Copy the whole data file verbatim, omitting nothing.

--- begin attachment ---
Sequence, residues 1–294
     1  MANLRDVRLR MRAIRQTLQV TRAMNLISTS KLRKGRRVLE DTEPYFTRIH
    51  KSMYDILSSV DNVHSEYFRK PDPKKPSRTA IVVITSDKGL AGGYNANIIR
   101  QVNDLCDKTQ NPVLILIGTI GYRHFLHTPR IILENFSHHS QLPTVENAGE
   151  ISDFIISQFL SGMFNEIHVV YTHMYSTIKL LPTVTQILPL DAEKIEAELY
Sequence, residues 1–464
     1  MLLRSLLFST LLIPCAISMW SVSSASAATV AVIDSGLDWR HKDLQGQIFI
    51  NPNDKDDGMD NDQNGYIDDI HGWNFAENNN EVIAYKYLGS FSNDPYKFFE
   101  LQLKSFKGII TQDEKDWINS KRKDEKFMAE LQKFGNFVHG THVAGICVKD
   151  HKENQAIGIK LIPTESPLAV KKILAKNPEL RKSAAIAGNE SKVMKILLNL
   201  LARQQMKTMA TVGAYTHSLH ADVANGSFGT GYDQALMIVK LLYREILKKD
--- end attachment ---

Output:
Sequence, residues 1–294
     1  MANLRDVRLR MRAIRQTLQV TRAMNLISTS KLRKGRRVLE DTEPYFTRIH
    51  KSMYDILSSV DNVHSEYFRK PDPKKPSRTA IVVITSDKGL AGGYNANIIR
   101  QVNDLCDKTQ NPVLILIGTI GYRHFLHTPR IILENFSHHS QLPTVENAGE
   151  ISDFIISQFL SGMFNEIHVV YTHMYSTIKL LPTVTQILPL DAEKIEAELY
Sequence, residues 1–464
     1  MLLRSLLFST LLIPCAISMW SVSSASAATV AVIDSGLDWR HKDLQGQIFI
    51  NPNDKDDGMD NDQNGYIDDI HGWNFAENNN EVIAYKYLGS FSNDPYKFFE
   101  LQLKSFKGII TQDEKDWINS KRKDEKFMAE LQKFGNFVHG THVAGICVKD
   151  HKENQAIGIK LIPTESPLAV KKILAKNPEL RKSAAIAGNE SKVMKILLNL
   201  LARQQMKTMA TVGAYTHSLH ADVANGSFGT GYDQALMIVK LLYREILKKD